I'm working with MacOS X 10.6.

I'd like to define a keyboard shortcut Ctrl-m, which does the same thing like RETURN does, without deactivating RETURN.

How can I do that in MacOS X 10.6. In the keyboard control panel, I can only assign menu commands to shortcuts, but RETURN is not a menu command, but a key that does different things in different locations.

How can I do that?


  • 1
    I use Keyboard Maestro for that kind of things. – jherran Nov 14 '14 at 23:13
  • Thanks! Well, I'd like to avoid paying 42$ just for changing a few keybindings, which (I'd assume) should also be possible with some "hacking", shouldn't it? Anyway, are you sure Keyboard Maestro would be able to create such a shortkey which has the same effect like RETURN in Safari? – MostlyHarmless Nov 14 '14 at 23:30
  • 1
    Pretty sure. I posted an answer with an image of a macro that do it. – jherran Nov 14 '14 at 23:35

You could do it using Keyboard Maestro.

enter image description here

| improve this answer | |

It might be possible using Quicksilver to run an AppleScript that “types” Return, but that will probably be unreliable in some contexts.

A much more straightforward solution that doesn’t require any third-party tools is to just use the built-in key bindings system.

Add this to ~/Library/KeyBindings/DefaultKeyBinding.dict:

    "^m" = "insertNewline:";

Things to be aware of:

  1. That file doesn’t exist by default. You’ll need to create it.
  2. This won’t apply to any applications that are already running. Relaunch the ones you want to use it in, or just log out and back in.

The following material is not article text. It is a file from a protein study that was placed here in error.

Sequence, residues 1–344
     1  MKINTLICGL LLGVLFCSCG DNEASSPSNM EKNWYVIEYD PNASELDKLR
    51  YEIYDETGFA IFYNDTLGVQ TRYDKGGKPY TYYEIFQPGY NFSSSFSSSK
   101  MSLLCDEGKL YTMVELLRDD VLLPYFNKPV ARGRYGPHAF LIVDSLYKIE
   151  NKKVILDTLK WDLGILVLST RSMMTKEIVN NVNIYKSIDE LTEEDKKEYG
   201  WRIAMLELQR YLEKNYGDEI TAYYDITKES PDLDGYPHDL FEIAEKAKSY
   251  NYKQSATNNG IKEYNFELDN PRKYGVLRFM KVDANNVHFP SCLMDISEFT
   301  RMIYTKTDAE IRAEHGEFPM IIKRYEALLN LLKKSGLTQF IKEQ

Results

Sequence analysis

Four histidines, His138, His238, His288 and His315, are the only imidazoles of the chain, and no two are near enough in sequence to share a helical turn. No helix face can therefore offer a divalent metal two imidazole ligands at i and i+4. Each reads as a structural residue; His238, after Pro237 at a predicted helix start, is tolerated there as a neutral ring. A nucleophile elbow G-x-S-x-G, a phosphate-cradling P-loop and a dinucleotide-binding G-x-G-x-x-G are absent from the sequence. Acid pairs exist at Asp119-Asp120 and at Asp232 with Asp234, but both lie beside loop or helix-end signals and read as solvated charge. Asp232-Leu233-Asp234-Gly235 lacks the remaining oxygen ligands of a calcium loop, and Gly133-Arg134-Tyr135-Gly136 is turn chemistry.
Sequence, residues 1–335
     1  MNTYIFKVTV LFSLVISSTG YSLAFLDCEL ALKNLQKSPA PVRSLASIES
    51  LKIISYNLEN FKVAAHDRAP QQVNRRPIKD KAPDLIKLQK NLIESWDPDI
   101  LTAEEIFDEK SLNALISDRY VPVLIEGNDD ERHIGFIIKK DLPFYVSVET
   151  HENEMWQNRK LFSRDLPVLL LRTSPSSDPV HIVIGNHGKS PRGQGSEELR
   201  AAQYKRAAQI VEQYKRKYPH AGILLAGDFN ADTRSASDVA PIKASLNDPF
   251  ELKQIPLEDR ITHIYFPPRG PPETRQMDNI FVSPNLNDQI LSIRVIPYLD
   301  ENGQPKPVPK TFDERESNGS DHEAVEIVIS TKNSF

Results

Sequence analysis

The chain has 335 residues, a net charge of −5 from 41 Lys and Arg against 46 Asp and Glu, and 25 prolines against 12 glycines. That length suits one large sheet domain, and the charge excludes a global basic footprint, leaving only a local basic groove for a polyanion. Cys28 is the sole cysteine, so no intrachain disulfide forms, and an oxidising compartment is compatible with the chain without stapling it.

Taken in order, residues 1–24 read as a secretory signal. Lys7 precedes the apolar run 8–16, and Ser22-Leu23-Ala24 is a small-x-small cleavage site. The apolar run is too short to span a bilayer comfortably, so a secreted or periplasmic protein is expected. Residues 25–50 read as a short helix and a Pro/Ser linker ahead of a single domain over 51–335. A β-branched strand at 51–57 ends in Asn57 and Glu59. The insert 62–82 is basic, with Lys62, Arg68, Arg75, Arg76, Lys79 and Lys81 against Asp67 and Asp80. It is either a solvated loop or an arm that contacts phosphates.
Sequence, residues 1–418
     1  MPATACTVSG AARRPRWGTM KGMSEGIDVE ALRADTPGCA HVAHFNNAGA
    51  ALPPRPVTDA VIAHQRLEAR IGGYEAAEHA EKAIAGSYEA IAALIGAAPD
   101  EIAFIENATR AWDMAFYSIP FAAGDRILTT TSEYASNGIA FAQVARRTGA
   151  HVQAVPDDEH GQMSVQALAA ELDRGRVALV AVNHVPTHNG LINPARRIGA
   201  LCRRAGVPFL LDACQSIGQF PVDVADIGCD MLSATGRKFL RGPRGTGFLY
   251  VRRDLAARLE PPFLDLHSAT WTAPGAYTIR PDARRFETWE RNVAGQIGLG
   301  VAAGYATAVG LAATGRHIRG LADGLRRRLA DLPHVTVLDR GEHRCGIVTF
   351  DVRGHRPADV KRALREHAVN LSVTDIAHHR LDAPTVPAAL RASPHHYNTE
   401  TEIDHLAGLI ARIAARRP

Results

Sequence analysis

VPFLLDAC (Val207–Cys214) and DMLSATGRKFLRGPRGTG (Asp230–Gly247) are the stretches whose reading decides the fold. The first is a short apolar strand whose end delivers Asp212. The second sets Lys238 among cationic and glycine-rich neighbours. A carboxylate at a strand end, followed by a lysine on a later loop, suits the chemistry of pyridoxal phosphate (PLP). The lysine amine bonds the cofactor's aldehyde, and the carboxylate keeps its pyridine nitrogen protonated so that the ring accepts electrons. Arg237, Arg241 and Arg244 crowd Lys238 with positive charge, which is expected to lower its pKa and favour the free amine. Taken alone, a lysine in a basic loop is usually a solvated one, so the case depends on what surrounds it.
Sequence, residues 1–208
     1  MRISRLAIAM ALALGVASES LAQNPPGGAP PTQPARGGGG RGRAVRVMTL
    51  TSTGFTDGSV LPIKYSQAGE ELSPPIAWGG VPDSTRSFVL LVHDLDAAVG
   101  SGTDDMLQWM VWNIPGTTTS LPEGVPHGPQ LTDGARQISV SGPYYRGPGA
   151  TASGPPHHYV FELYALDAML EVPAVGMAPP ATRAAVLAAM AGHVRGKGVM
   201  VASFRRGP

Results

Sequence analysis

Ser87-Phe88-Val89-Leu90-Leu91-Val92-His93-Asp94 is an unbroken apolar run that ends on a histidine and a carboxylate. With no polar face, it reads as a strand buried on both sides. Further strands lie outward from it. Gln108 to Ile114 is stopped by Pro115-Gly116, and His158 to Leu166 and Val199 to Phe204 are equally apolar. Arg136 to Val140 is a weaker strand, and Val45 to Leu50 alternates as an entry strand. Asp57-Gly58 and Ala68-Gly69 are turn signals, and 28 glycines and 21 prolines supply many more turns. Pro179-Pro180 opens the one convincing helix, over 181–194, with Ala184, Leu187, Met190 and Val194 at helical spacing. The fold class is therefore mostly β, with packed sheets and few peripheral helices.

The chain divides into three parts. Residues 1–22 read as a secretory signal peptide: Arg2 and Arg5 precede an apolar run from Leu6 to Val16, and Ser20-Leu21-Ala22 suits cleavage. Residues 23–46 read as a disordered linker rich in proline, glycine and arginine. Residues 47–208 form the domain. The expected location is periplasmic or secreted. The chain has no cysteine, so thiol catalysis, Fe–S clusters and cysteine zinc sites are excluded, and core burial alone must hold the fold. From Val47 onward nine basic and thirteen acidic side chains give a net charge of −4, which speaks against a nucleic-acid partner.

3. This only works in proper Cocoa applications. Cross-platform stuff like Firefox and MS Office won’t respect these key bindings.
  4. More detail on the built-in key binding system can be found at http://www.hcs.harvard.edu/~jrus/Site/System%20Bindings.html
| improve this answer | |
  • Hi Rob! Thanks a lot! AppleScripts are relatively slow from my experience, so I'd prefer the key-binding solution. Thanks a lot for the very useful hint on "proper Cocoa apps"!! Question: how can I find out, if an application is "proper Cocoa"? – MostlyHarmless Nov 16 '14 at 7:41
  • p.s. is there a way to find out, if that key-binding (e. g. ^m is already used/defined in other applications? – MostlyHarmless Nov 16 '14 at 7:47
  • I don’t know of a sure-fire way to tell if something is Cocoa other than checking with the developer. Inconsistent appearance is the biggest clue. As for figuring out where it’s used, you’ll just have to look around at the menus or try pressing it in different apps to see what happens. I would hope that a standard on like ⌃M isn’t used anywhere (unless it’s already used as Return). – Rob McBroom Nov 17 '14 at 14:02

You must log in to answer this question.

Not the answer you're looking for? Browse other questions tagged .